Your Aug. 9 editorial “ Treatment does more than jail for most mentally ill offenders” and the recent news article on extended timeframes for mental evaluations highlight the national issue that is critical for North Carolina.
The editorial quoted an April report by the Treatment Advocacy Center that suggests the mental health system has been deteriorating for the past 10 years across North Carolina. Past statistics indeed support the need for improvement. However, it is imperative that we look forward.
We are creating new preventative measures to lower incarceration rates and costly emergency room care visits. Recently, the Smoky Mountain Local Management Entity-Managed Care Organization, which provides mental health services for 23 Western North Carolina counties, announced it will open a behavioral health crisis stabilization facility in fall 2015. This should save local law enforcement $10,000 a year and will support residents experiencing a mental health crisis in their communities.
We must also find stability in our existing mental health services in North Carolina. There is no doubt that previous reforms in North Carolina have not lived up to their intended goals. Gov. Pat McCrory’s plan for Medicaid reform builds on the existing LME/MCO system instead of restructuring it, ensuring a sustainable path going forward. That is why we established the Crisis Solutions Coalition in October as part of our overall efforts to improve the system. This coalition of leaders from across the state from the public mental health system, education, law enforcement, providers, advocates, people with mental illness and their families will offer us recommendations.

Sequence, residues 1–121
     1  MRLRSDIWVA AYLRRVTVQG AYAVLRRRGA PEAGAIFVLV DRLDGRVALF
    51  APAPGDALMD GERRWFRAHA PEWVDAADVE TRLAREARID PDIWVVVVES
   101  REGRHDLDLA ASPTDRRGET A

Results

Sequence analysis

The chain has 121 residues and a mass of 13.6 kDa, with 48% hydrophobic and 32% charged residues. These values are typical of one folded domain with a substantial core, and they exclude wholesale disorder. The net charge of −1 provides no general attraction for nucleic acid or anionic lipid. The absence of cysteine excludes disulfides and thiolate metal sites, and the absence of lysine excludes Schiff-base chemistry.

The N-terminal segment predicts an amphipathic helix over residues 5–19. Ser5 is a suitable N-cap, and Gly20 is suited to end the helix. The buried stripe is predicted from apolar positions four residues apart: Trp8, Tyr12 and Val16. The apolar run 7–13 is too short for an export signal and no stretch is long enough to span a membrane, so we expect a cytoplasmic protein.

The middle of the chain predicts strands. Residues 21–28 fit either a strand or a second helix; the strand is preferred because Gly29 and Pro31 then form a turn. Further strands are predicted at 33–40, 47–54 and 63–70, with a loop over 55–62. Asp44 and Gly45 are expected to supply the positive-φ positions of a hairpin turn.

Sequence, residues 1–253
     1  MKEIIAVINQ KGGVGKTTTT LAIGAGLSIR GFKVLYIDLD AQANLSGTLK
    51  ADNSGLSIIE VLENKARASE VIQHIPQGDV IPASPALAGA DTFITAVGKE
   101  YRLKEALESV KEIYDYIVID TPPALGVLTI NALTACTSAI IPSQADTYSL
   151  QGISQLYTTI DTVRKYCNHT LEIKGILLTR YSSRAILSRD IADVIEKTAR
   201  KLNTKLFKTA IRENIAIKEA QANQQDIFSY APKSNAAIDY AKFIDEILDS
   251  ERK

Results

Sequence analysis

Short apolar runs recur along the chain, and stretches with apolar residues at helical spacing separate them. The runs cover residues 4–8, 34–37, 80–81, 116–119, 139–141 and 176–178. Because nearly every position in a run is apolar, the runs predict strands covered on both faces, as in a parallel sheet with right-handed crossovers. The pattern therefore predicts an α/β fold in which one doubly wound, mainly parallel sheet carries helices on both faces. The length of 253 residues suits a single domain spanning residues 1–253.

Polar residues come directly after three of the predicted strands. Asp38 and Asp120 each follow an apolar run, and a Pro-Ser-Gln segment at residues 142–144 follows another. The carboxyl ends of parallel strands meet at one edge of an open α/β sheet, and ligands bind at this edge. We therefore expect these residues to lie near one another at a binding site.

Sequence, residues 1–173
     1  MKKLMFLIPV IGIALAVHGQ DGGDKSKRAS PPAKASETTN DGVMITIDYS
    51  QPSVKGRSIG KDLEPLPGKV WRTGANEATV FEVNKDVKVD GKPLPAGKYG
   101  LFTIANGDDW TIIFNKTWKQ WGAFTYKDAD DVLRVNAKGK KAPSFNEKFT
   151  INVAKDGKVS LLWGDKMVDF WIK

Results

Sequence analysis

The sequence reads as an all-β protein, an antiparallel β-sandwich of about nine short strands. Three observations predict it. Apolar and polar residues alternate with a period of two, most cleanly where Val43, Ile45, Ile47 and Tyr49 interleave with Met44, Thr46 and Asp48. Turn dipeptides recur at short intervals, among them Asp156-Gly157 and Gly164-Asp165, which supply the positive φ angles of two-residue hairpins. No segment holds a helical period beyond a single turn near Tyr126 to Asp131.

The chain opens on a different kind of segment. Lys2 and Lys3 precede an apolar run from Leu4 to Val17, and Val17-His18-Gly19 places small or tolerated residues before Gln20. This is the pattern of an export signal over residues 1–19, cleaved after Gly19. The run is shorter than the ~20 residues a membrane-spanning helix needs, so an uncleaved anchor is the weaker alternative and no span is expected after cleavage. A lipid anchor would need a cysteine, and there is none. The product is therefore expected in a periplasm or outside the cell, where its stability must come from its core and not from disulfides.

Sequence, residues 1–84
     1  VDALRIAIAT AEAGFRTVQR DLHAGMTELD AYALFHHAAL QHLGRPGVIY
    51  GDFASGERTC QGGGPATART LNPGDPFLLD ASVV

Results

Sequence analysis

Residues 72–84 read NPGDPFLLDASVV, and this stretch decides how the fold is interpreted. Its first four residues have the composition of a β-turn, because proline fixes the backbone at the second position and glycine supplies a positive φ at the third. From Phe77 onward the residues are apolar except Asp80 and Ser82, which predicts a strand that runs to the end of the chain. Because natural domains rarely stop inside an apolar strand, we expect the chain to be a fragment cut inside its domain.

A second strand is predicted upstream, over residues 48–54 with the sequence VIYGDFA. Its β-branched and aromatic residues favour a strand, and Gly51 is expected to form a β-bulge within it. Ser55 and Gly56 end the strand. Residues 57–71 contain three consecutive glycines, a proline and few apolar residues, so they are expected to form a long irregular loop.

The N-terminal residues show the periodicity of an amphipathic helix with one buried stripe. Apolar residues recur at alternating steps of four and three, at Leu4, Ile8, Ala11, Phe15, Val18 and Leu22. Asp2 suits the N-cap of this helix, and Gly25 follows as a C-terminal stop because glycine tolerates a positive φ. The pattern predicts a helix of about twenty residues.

McCrory and the N.C. General Assembly have chosen to pursue this critical issue by providing money to continue building the community infrastructure needed to support citizens who struggle with mental health. We must make certain that we are effectively using our state and community hospitals by making them available for the people who need more intensive help. Through the funding provided in the budget, we are adding additional bed capacity to our state-run psychiatric hospitals, and we have already increased the inpatient capacity in our community hospitals.
In October, DHHS will submit a report to the legislature with recommendations for the number of hospital beds needed. We are committed to addressing this important issue in North Carolina. Together, with our community partners, we can work each day to pursue that vision and a better treatment and care system for North Carolina.
Dave Richard, deputy secretary, Behavioral Health and Developmental Disabilities Services, NC DHHS
The length limit was waived to permit a fuller response to the editorial.